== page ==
Allergy testing


IMPORTANT The information provided is of a general nature and should not be used as a substitute for professional advice. If you think you may suffer from an allergic or other disease that requires attention, you should discuss it with your family doctor. The content of the information articles and all illustrations on this website remains the intellectual property of Dr Raymond Mullins and cannot be reproduced without written permission.

Identifying avoidable allergens is an important part of allergy management. Your doctor will normally ask you a series of questions in order to identify avoidable environmental triggers. This will often be followed by allergy testing using skin prick tests or RAST or Immunocap. Allergy testing helps your doctor to confirm your sensitivity so that appropriate avoidance advice can be given.  Results of skin allergy tests are available within 15 ­ 20 minutes. It is important to note that all test results must be interpreted in the context of a careful history.

Skin prick testing

Preparations for skin testing
Medications with antihistamine-like actions (antihistamines, some cold remedies, tricyclic antidepressants) are normally withheld for 3-5 days before testing as these will interfere with the results of testing. You may also be advised to avoid creams and moisturisers on your forearms for a similar period of time to reduce the likelihood that allergen extracts will "run" into each other.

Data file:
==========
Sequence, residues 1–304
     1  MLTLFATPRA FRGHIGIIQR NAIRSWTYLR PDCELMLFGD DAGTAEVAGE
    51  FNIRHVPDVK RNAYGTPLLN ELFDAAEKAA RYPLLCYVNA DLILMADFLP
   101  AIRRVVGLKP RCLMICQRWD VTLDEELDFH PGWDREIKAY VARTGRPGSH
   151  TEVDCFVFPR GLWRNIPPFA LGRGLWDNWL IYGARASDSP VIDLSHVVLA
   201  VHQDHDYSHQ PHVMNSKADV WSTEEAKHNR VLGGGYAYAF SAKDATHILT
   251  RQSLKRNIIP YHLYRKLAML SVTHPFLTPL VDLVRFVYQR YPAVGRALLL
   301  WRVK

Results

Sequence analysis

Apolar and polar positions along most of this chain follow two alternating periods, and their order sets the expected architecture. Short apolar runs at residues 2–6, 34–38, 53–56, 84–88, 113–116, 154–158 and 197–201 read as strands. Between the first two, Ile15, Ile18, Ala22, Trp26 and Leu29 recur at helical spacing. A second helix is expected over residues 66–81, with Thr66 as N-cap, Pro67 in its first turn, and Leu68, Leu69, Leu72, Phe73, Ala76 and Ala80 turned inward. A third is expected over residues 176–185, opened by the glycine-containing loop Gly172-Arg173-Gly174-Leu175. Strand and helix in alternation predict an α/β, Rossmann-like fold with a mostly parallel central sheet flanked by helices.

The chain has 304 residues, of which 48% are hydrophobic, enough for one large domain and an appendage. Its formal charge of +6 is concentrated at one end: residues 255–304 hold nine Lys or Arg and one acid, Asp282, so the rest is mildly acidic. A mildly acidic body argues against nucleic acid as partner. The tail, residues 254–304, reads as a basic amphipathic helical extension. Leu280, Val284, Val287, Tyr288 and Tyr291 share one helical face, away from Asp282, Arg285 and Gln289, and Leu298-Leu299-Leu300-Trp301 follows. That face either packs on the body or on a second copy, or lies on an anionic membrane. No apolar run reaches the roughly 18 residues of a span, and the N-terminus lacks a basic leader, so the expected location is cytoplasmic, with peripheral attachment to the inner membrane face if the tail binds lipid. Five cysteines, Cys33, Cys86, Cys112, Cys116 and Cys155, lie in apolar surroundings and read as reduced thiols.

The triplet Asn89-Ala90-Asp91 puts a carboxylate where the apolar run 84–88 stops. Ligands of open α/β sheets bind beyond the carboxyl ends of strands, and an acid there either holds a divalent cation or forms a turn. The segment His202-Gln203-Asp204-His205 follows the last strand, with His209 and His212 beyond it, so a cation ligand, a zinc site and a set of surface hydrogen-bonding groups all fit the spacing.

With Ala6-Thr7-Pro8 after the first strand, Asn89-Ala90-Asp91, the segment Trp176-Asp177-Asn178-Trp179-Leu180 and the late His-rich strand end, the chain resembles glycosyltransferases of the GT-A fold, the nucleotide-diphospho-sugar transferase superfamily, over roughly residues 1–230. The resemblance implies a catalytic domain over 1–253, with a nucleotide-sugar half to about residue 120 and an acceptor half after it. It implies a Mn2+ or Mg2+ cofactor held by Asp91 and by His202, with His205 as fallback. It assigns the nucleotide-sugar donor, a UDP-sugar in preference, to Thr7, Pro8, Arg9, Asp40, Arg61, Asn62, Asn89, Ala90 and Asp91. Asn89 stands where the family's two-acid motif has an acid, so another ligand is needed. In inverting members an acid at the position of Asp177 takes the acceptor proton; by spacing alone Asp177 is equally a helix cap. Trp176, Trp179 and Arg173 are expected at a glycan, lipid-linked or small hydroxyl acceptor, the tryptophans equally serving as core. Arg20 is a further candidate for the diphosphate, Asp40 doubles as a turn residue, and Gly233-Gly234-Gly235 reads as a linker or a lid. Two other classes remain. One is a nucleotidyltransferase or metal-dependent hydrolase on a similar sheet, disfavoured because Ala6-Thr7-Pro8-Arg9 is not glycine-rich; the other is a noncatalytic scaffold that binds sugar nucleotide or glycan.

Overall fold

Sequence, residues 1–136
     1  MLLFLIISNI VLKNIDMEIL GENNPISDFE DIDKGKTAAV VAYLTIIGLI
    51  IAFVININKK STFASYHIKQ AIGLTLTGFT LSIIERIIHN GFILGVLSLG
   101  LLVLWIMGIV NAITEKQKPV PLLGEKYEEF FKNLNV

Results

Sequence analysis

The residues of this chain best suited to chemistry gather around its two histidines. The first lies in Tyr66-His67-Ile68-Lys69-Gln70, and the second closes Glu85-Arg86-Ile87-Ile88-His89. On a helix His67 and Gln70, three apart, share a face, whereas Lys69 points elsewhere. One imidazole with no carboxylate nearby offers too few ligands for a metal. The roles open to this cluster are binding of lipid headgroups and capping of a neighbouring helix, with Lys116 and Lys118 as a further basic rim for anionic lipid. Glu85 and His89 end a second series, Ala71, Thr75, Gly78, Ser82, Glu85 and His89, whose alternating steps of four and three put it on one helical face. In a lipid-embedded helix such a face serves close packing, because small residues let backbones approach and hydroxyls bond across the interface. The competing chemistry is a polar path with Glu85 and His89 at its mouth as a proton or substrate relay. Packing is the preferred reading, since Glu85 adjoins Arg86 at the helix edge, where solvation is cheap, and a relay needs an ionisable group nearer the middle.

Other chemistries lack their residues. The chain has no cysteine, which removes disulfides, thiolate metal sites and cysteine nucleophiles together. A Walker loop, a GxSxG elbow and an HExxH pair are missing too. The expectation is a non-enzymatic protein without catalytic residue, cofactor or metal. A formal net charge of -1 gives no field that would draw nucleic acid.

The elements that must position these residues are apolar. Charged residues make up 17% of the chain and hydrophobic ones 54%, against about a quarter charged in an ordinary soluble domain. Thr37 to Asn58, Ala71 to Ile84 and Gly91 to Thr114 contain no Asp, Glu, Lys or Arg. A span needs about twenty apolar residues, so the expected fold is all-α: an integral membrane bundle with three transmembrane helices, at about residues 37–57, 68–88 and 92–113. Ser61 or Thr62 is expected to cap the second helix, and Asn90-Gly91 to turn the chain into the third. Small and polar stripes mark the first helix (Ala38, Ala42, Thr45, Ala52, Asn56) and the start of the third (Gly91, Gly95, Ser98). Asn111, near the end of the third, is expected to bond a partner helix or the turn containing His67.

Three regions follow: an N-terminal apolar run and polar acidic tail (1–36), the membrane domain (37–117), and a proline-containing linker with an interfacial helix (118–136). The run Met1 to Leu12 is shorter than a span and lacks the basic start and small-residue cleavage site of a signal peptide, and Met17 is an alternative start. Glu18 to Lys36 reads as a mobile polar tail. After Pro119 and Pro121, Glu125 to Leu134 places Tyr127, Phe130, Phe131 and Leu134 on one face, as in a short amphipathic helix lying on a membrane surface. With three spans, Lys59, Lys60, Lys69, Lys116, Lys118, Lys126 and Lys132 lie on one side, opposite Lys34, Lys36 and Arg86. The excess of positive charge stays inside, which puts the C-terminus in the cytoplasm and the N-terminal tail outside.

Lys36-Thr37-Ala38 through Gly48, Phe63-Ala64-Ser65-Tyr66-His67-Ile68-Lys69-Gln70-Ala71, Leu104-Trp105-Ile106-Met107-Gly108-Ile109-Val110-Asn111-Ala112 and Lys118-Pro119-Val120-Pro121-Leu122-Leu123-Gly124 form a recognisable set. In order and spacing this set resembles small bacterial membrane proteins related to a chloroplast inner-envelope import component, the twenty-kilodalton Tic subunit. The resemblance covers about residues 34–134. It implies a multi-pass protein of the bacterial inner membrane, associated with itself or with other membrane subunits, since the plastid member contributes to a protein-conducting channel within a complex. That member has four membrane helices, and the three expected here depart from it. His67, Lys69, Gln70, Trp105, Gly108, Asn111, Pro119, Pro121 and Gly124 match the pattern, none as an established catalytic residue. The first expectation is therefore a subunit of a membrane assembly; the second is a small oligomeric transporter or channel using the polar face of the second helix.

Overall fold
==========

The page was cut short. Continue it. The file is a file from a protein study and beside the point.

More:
How testing is done
Skin prick testing is most commonly performed on the forearm, although the back is sometimes used. The arm is first cleaned with alcohol, then a drop of commercially-produced allergen extract is placed onto a marked area of skin. Using a sterile lancet, a small prick through the drop is made. This allows a small amount of allergen to enter the skin. If you are allergic, a small mosquito-like lump will appear at the site of testing over 15-20 minutes. Skin tests are slightly uncomfortable, but is usually well tolerated and accurate, even in small children and infants.

Last reviewed 29 May 2020

Skin prick testing is normally done on the arm or back using small skin prick lancets (far right). It is normally well-tolerated, even by small children.

Rationale for skin prick testing
Underneath the lining of the skin, gut, lungs, nose and eyes are mast cells. These are designed to kill worms and parasites and contain granules filled with irritant chemicals (including histamine). Mast cells are also armed with proteins called IgE antibodies, which act as remote sensors in the local environment. A person allergic to house dust mite, for example, will have IgE antibodies capable of recognising the shape of dust mite allergens, in much the same way that a lock "recognises" the shape of a key. When this happens, mast cells are triggered to release their contents into the tissues, triggering an allergic reaction.